Wednesday, November 5, 2014

Three Books That Add Up to One Autobiography

A friend recently asked me, “So what you been reading?” I had to stop and think. The good thing about Goodreads is you can check yourself on a question like that, and so I did. I found that the last three books I have read sum up my lifelong religious pilgrimage. I didn’t tell my friend that, he’s not the religious type, but I’ll tell you.

The three books are Dakota by Kathleen Norris, The Hero with a Thousand Faces by Joseph Campbell, and Brother André: Friend of the Suffering, Apostle of St. Joseph by Jean-Guy Dubuc. They really are the last three books I’ve read.

The first two were re-reads because, as I complete draft #3 of a memoir of Catholic conversion, I am taking a second look at books that influenced me when.

I read Dakota shortly after it came out in the 1990s. At the time, I was a None: a lapsed Episcopalian who had followed the gleam of a New Age teaching until the gleam proved to be a mirage. By the 1990s, I was in nowheresville religiously.

Reading Norris’s series of autobiographical essays about leaving New York City to take over her late grandmother’s farm in Lemmon, South Dakota, and thereby re-embracing her family’s Protestant faith reconnected me with my own Midwest roots. I was raised in Minnesota by God-fearing, Church-going parents, who drove me to white-spired Congregationalist worship each Sunday. There I received my first Bible, a Revised Standard Version, when I was eight.

Without embracing Catholicism, Norris meets and becomes a third-order member of a Benedictine community on the Dakota plains. It took me another fifteen years after reading Dakota to become a Catholic myself, but I can see now how the book must have sung to me then: plunging me back into a faith-filled past while projecting me forward toward an unseen Catholic future.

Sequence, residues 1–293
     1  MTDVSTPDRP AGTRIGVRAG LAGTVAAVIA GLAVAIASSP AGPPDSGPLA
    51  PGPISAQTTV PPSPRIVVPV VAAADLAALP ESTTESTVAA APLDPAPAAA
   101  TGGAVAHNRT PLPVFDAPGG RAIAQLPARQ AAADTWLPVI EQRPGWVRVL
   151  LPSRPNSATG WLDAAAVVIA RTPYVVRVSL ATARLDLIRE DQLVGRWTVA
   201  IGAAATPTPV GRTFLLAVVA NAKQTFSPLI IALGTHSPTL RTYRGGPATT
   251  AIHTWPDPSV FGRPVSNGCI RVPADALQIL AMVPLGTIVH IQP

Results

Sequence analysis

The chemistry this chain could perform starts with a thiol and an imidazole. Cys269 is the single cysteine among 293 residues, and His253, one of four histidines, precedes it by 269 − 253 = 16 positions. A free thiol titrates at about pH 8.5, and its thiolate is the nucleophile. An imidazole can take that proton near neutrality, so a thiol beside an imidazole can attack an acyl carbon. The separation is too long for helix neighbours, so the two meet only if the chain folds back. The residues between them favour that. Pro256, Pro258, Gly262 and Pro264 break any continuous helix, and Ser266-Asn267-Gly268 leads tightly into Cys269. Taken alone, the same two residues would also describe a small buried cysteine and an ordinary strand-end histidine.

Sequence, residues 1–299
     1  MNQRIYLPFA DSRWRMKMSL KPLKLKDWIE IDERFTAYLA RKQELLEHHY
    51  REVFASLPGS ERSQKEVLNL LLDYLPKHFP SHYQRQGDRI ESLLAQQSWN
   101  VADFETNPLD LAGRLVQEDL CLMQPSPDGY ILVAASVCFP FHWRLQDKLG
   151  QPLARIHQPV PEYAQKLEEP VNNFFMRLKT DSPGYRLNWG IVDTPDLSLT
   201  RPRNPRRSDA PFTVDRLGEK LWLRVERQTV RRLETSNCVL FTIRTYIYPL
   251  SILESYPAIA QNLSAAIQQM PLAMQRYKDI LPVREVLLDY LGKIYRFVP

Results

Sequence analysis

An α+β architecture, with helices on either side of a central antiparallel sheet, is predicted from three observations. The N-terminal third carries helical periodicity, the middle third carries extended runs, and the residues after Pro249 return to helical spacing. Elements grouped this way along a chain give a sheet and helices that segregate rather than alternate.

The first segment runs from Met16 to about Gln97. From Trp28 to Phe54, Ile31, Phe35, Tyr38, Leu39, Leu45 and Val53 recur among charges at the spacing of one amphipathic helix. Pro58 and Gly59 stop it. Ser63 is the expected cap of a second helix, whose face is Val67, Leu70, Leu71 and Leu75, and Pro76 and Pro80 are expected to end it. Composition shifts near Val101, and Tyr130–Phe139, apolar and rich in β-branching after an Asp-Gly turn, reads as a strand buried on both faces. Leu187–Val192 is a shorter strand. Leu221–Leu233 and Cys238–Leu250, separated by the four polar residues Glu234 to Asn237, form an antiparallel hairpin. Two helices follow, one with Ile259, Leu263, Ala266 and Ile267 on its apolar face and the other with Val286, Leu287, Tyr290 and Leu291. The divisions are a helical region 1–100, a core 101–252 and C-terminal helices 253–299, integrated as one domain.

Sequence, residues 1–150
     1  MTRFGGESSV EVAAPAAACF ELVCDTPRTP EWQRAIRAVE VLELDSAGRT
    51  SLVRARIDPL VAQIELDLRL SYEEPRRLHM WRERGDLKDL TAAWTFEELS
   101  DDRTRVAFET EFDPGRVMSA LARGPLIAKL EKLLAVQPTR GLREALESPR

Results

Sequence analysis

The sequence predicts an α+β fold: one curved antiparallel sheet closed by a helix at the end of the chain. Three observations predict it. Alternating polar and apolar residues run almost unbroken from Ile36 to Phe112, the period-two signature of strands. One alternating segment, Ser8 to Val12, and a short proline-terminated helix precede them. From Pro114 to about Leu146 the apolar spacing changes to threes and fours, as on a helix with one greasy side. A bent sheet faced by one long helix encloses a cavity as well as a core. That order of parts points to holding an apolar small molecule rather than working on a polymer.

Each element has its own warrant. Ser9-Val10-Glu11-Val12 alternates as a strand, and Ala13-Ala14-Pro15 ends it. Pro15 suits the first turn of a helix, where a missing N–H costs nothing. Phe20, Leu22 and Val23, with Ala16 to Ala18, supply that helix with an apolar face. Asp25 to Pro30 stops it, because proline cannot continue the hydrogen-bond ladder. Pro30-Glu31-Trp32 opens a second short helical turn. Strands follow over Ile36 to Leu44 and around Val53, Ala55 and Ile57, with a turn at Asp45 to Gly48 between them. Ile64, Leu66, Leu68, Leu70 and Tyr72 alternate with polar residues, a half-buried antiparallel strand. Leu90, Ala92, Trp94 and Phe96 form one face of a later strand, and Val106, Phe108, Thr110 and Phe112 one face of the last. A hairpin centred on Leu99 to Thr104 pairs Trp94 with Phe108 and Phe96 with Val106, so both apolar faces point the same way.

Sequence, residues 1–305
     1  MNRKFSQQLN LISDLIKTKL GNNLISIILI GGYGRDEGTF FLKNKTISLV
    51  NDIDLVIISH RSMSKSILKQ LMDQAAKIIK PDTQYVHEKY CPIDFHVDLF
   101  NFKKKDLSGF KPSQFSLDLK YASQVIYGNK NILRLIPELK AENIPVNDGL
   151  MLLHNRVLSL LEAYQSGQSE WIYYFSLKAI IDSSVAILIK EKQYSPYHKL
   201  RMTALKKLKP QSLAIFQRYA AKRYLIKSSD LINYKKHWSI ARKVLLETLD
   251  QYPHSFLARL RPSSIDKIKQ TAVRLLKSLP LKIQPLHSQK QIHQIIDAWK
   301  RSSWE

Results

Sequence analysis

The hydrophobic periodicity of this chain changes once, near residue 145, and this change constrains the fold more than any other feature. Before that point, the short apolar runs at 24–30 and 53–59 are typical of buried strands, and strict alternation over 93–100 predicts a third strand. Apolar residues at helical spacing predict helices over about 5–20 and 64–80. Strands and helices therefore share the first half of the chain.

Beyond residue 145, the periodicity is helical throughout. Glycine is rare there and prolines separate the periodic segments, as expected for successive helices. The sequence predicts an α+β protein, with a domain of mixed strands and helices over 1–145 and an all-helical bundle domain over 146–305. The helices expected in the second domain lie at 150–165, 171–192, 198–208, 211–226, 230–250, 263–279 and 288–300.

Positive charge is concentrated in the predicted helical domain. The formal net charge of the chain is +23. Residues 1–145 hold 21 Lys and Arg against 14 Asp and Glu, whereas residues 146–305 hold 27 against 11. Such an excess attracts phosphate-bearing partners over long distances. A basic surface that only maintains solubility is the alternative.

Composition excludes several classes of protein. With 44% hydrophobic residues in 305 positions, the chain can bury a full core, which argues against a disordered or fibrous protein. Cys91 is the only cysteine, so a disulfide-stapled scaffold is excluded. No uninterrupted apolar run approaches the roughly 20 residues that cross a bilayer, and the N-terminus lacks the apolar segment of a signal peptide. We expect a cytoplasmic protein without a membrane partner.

The second book, Campbell’s Hero with a Thousand Faces, explains better than anything why I left Christianity for a long, dry spell in the wilderness. Here is some of what I wrote about that book on my Goodreads page.

Twenty years before Bill Moyers's series of interviews with Joseph Campbell, “The Power of Myth,” wowed the American intelligentsia (1988), Joseph Campbell's most-read book (this one) helped strip me of religious faith (1968). I was a high school student wowed by a teacher of “Mythology,” who used Hero as the core text in his syllabus. While reading everything from the Niebelungenlied to Updike's The Centaur (which is mythological, right?) we used Campbell to tear each of these texts apart to find the same common story at the base of each. Each was seen to be myth.

Not thinking too clearly at the time, I allowed Jesus and all of Christian Scripture to be thrown into the same stewpot with Beowulf and Buddha. 

Now that I have returned to Hero, I find Campbell's reduction of Christianity appalling. And I am appalled at myself for having accepted it hook, line, and sinker. Without warrant it sank my faith. 

The very first sentence of Hero lumps St. Thomas Aquinas with “the dreamlike mumbo jumbo of some red-eyed witch doctor of the Congo” and “the shining meaning of a bizarre Eskimo fairy tale.” All are but manifestations of “the one, shape-shifting yet marvelously constant story.” It doesn't matter if Jesus of Nazareth actually existed on this planet. He is parallel with (reduced to the status of) every other hero dreamed up by the creative unconscious of our race.